The change, from a Trojans commit to an Irish defensive end taking over Smith’s legacy began over a year after Hayes committed to USC, when the Trojans fired head coach Steve Sarkisian. The Irish persistence in recruiting seemed to have paid off as Hayes decommitted. Smith, in particular, played a major role in trying to bring Hayes to Notre Dame, keeping in regular communication with the prospect.

“Obviously we were never on the team together, but he was a huge influence on me,” Hayes said. “He was like a big brother. We talked a lot before I committed and after I committed.”

But after decommitting from USC, Hayes would continue to keep his recruiting process interesting. After announcing a top three of Notre Dame, Ohio State and Michigan State, the Michigan native made national waves in the way he committed to the Irish. Hayes starred in a video paying tribute to “The Dark Knight,” running through the streets of Detroit before reaching a Notre Dame billboard.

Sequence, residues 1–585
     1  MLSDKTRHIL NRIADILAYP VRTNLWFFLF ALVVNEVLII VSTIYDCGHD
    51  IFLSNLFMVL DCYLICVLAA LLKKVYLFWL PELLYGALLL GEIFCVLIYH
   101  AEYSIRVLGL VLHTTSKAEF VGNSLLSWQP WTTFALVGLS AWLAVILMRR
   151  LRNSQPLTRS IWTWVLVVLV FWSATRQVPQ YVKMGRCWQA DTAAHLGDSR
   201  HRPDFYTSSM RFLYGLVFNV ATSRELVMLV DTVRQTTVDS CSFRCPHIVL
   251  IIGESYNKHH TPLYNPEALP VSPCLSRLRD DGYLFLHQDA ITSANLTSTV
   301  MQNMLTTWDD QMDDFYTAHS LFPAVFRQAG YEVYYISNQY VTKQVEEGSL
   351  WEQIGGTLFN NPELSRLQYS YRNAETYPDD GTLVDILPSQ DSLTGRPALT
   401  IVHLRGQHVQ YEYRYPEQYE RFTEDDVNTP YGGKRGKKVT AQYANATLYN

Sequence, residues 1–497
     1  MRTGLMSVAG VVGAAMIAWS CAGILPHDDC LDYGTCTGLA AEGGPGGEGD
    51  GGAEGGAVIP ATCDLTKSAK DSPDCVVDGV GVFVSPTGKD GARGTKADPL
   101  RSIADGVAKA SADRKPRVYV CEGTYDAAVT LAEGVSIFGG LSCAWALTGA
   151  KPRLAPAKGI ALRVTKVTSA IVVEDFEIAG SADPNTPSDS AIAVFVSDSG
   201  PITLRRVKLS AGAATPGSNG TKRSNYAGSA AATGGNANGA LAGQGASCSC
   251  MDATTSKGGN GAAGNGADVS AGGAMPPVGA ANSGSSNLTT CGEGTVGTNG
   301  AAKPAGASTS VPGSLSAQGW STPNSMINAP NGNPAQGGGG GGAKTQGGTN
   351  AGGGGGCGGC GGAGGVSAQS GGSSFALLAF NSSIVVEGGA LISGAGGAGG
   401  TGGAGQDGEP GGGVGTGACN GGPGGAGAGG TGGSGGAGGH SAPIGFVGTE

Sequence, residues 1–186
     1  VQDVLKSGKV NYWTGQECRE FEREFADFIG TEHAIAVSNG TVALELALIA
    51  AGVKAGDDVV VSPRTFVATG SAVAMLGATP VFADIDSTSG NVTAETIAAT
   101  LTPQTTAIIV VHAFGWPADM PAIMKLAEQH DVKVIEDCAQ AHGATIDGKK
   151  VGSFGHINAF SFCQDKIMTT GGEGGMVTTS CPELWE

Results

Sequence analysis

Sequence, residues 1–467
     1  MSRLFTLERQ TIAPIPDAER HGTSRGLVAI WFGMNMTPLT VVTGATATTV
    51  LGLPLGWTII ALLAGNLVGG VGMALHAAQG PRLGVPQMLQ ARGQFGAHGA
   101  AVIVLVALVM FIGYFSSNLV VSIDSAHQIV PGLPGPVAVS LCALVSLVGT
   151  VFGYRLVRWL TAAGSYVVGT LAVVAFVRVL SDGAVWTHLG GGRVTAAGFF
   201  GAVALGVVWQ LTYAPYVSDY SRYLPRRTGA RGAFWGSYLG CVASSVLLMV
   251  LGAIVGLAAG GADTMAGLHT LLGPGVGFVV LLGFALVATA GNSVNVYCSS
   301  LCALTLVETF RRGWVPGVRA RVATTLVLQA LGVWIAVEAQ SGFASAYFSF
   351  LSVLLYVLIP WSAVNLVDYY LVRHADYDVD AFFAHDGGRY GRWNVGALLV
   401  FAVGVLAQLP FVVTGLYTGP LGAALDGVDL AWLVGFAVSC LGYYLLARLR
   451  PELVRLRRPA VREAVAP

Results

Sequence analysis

It takes a certain level of talent to earn the right to announce a commitment in such a dramatic fashion.

It takes a whole different level of talent to do so after a high-school career that saw two season-ending injuries, as well as a junior season cut short when Hayes had to move back to Michigan from California.

Hayes faced that kind of adversity, injuring his left shoulder only four plays into his sophomore season. After moving to the West Coast and back, Hayes shone in the opening two games of the 2015 season for Skyline High School in Ann Arbor, Michigan, before injuring his right shoulder, ending his high school career, in Week 3 of the season.

But Hayes remained an elite prospect in spite of his injuries. He said he didn’t just succeed in spite of the injuries, but was able to grow as a person and as a player while missing time on the field.

“It was a difficult process, just being young and having the game taken away three consecutive times,” he said. “That hurt at first, but I think it definitely helped me in maturing, understanding everything and not taking the game for granted. This is a great opportunity and every day I say a prayer and say I’m thankful for all of this, I’m grateful for the opportunity to be able to play and that I hope to continue to play and have this opportunity.”